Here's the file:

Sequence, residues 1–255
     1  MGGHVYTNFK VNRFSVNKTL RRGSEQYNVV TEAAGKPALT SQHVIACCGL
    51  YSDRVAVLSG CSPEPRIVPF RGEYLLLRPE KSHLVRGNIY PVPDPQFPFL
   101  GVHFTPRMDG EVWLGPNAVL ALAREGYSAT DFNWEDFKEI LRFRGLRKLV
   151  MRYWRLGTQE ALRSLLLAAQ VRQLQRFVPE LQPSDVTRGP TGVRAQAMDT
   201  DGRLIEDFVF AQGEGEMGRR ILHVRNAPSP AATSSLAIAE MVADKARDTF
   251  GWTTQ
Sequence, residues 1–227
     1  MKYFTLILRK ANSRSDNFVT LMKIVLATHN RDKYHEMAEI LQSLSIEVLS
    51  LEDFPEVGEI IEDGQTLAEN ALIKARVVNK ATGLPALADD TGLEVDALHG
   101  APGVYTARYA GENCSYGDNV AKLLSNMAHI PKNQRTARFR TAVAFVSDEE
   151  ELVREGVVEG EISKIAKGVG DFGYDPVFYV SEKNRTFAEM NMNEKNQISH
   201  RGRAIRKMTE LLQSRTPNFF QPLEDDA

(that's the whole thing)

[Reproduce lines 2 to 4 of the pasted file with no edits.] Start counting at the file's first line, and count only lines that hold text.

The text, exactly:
     1  MGGHVYTNFK VNRFSVNKTL RRGSEQYNVV TEAAGKPALT SQHVIACCGL
    51  YSDRVAVLSG CSPEPRIVPF RGEYLLLRPE KSHLVRGNIY PVPDPQFPFL
   101  GVHFTPRMDG EVWLGPNAVL ALAREGYSAT DFNWEDFKEI LRFRGLRKLV